The logo of Swiss pharmaceutical company Roche is seen outside their headquarters in Basel on Jan. 30, 2014. Reuters/Ruben Sprich

(Reuters) - Roche Holding AG has agreed to buy U.S. biotech company InterMune Inc for $8.3 billion in cash, marking the latest multibillion-dollar deal in a consolidating pharmaceutical sector.

The Swiss drugmaker said on Sunday it would pay $74.00 a share through a tender offer for InterMune, representing a premium of 38 percent to the closing price on Aug. 22.

The acquisition, which has been recommended by the boards of both companies, is the largest by Roche since 2009, when it bought out the remaining stake it did not already own in U.S. group Genentech for around $47 billion.

Chief Executive Severin Schwan said the deal would allow Roche to broaden and strengthen its respiratory portfolio, adding he believed there was a good strategic and cultural fit between Roche and the California-based biotech firm.

"For us at Roche, this transaction is a good example of a value-creating bolt-on acquisition; we focus on targeted acquisitions that really compliment our portfolio (...) rather than trying to diversify or going into mega mergers," he told reporters on a conference call.

The sale of InterMune will not surprise investors hugely as people familiar with the matter said on Aug. 13 InterMune was working with financial advisers to evaluate strategic options, due to takeover interest from big drugmakers.

Shares in the InterMune rose sharply on that news, so the $74 offered by Roche marks a 63 percent premium to the stock's level on Aug. 12.

Such a hefty premium is not unusual in biotech takeovers, reflecting intense competition for promising new drugs among larger companies, which rely on small innovative firms for a growing proportion of their products.

Adding InterMune to its portfolio will give Roche a promising new drug, pirfenidone, for treating a progressive and ultimately fatal scarring condition of the lungs. Pirfenidone is approved for so-called idiopathic pulmonary fibrosis (IPF) in Europe and Canada, and is undergoing U.S. regulatory review.

Industry analysts expect the drug, which is given as a pill, to have sales of $1.04 billion in 2019, according to consensus forecasts compiled by Thomson Reuters Pharma.

The deal is a further step by Roche to diversify away from its reliance on cancer drugs, where it is the world leader, by expanding into other disease areas, such as respiratory medicine.

Roche already markets Pulmozyme for cystic fibrosis and Xolair for severe asthma in the United States and has other experimental respiratory products in clinical development, including another severe asthma drug called lebrikizumab.

However, the Swiss group's efforts to produce successful non-cancer drugs from its own labs have been mixed, with setbacks in recent years for experimental drugs against heart disease, diabetes and schizophrenia.


Although it is paying a big price for InterMune, the deal is seen inside Roche as a "bolt-on" acquisition, given the company's own market value of around $250 billion.

Roche said the transaction was expected to be neutral for its core earnings per share in 2015 but would boost profits from 2016 onwards. It said guidance for this year remained unchanged.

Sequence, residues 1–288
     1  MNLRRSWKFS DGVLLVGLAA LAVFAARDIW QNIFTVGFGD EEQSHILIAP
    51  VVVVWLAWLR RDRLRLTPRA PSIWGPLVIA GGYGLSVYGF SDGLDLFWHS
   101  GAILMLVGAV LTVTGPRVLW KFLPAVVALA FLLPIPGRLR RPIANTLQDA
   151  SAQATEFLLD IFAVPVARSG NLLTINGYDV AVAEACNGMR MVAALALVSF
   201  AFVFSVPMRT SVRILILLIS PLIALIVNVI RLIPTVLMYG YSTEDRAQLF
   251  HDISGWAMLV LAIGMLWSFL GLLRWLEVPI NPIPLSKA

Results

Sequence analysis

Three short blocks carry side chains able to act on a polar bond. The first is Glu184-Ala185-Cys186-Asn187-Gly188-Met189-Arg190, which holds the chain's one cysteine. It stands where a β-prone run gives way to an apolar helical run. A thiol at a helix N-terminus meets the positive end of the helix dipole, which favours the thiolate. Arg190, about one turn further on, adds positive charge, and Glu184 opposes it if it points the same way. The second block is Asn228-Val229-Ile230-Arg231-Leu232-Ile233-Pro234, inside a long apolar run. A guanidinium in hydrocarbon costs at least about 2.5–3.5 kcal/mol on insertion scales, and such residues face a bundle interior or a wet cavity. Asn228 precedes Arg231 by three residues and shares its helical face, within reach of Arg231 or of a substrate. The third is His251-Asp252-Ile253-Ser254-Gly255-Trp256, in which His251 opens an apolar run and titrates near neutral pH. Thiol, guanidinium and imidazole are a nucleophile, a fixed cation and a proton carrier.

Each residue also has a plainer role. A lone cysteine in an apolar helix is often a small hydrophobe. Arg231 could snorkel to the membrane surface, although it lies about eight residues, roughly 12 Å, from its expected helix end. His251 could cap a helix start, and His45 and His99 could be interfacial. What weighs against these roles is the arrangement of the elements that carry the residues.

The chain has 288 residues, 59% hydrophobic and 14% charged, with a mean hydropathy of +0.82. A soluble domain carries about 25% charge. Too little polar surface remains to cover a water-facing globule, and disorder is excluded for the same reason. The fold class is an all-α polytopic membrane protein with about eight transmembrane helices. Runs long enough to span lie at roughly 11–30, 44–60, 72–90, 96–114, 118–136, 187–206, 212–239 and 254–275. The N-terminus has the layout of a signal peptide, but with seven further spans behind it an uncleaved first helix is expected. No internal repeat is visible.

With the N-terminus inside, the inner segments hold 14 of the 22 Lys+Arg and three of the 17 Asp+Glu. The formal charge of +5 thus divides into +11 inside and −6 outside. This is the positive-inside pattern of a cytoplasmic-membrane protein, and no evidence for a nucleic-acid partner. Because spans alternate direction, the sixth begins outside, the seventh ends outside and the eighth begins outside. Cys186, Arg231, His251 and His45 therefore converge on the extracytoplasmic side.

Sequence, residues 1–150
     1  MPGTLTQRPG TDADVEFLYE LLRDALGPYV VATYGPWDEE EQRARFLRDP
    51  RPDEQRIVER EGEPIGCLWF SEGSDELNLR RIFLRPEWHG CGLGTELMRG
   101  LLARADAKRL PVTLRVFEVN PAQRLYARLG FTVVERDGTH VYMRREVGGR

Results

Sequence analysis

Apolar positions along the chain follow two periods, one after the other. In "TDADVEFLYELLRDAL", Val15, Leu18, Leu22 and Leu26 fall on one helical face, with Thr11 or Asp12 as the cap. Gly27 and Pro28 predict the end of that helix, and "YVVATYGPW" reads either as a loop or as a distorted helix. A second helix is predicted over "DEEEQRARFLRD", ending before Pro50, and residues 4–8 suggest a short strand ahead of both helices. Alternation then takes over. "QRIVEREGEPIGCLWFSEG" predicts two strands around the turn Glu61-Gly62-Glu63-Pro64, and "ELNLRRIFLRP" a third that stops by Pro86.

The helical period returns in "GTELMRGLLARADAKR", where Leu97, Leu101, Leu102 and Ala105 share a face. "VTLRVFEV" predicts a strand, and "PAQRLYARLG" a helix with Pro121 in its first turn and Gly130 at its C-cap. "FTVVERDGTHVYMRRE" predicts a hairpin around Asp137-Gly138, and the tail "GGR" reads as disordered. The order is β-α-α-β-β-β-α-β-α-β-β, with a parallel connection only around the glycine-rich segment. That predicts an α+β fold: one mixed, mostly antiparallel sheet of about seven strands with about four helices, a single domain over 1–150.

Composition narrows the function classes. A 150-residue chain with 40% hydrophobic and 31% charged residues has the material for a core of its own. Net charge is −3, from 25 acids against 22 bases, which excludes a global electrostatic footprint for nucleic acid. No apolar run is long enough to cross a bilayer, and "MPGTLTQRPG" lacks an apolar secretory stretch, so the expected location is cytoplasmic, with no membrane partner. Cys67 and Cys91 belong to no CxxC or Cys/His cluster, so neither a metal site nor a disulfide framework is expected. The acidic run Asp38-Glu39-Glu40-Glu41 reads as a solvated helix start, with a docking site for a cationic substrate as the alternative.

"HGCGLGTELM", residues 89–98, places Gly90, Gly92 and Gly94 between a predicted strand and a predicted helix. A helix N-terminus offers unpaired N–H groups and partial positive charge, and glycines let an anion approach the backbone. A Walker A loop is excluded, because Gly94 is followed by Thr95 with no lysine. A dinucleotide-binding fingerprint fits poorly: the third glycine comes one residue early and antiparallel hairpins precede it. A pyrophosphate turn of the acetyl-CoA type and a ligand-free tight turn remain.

The Swiss company generates a large amount of cash, leading to persistent speculation about deals. In practice, its track record since Genentech has been for a series of small-scale purchases. It notably backed away from a $7 billion pursuit of gene sequencing firm Illumina Inc two years ago.

Recently, there has been talk that Roche might buy the shares in Japan's Chugai Pharmaceutical Co Ltd that it does not already own for about $10 billion, although Chugai has denied it was in talks for such a deal.

Schwan declined to comment on whether the InterMune deal would make a buyout of Chugai less likely. He said Roche would continue to pursue targeted "bolt-on" acquisitions.

Even after swallowing InterMune, Roche would still have the leverage to "very easily" buy out the rest of Chugai and do something else, said Kepler Cheuvreux analyst Fabian Wenner. But he conceded such a move may now be "somewhat less likely".

InterMune had considered selling itself about three years ago but decided not to pursue a deal at that time due to uncertainty over clinical data for pirfenidone, people familiar with the matter told Reuters previously. Roche said its interest in a deal was triggered following positive late-stage trial results for the drug in May. The medicine also received a "breakthrough therapy" designation from the U.S. Food and Drug Administration (FDA). The term is reserved for drugs for serious diseases that appear to offer a substantial advance on existing therapies. The FDA is due to give is verdict on whether to approve pirfenidone by Nov. 23 and Roche said it expected the launch the drug in the United States this year.

Healthcare companies are merging at a record pace, with year-to-date activity topping $346 billion, compared to $212 billion in the year-ago period, Thomson Reuters data showed.

Recent large deals have included AbbVie Inc's $54 billion acquisition of Shire Plc and Medtronic Inc's acquisition of Covidien Plc for $43 billion. AstraZeneca Plc, meanwhile, fended off a $118 billion takeover attempt by Pfizer Inc.

Under the terms of the InterMune agreement, Roche will commence a tender offer to acquire all outstanding shares in the U.S. firm no later than Aug. 29.

Citi is acting as financial adviser to Roche, while Centerview Partners and Goldman Sachs are acting for InterMune.